SpaceX's Falcon 9 rocket blasted off on Sunday, launching the cargo-laden Dragon capsule into Earth's orbit on its way to the International Space Station for NASA's first privately-run supply mission.
The SpaceX craft, carrying around 1,000 pounds (455 kilograms) of supplies, took off as scheduled at 8:35 pm (0035 GMT) from NASA's Kennedy Space Center in Cape Canaveral, Florida, the site of many launches into space.
Dragon is set to reach the ISS on Wednesday, where it will spend about two weeks. This is the first of 12 planned missions in the US firm's $1.6 billion contract with NASA.
The launch was the next step in American efforts to commercialize the space industry, in hopes of reducing costs and spreading them among a wider group than governments alone.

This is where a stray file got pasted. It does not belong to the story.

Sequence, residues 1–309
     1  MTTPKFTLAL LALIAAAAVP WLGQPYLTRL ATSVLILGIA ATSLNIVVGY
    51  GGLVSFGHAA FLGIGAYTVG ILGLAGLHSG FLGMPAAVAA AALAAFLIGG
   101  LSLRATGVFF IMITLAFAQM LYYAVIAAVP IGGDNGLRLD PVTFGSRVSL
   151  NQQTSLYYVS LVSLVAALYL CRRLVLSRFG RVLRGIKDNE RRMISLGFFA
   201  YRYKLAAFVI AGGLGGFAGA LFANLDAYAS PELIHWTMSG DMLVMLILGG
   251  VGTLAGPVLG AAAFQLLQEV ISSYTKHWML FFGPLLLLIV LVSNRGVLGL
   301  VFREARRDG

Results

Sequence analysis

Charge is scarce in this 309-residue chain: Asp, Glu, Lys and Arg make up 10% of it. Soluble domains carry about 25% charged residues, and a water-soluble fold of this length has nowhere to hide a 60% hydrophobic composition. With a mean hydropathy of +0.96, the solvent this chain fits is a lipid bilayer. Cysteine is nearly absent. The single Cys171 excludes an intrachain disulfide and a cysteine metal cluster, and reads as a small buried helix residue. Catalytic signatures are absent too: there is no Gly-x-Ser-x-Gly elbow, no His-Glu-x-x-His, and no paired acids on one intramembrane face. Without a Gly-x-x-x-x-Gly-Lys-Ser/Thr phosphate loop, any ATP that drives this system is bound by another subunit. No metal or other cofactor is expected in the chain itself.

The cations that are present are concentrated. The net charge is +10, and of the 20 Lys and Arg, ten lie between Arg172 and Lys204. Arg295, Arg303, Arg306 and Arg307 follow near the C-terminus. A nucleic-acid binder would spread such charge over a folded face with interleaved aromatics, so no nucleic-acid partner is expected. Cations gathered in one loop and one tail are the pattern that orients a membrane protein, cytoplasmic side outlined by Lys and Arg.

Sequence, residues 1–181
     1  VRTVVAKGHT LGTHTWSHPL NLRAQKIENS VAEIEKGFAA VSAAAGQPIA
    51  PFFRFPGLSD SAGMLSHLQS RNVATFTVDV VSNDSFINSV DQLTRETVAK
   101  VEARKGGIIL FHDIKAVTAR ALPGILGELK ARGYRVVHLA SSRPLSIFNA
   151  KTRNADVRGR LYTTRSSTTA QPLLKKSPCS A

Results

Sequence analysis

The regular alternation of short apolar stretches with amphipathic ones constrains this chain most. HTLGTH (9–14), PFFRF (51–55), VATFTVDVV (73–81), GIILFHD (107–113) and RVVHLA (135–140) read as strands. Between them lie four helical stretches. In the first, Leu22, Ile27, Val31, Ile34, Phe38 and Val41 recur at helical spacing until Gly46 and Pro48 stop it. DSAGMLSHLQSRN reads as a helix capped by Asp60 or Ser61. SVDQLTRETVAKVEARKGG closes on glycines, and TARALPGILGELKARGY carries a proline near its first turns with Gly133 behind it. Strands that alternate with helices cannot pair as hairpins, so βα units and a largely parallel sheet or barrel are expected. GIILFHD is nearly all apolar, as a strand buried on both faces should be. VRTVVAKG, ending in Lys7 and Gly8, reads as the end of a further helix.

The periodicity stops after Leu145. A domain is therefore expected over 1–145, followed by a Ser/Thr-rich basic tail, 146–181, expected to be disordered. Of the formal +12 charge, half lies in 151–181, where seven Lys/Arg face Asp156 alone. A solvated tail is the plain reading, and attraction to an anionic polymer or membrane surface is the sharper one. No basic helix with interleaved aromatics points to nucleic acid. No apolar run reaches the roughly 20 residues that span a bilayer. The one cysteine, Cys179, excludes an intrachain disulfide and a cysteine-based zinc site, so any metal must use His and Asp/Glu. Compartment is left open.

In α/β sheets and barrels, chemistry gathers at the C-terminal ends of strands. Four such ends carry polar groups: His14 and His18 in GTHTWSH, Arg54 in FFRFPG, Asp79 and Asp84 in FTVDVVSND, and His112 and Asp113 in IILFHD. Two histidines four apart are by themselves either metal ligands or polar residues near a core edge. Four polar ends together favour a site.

SpaceX, owned by billionaire Paypal co-founder Elon Musk, is one of several private companies working with the US space agency to send flights to and from the ISS. NASA has been relying on Russian spacecraft for the last year, after retiring its fleet of shuttles.
Dragon is scheduled to return to Earth -- splashing down off the coast of southern California -- on October 28, carrying about 734 pounds of scientific tests and results.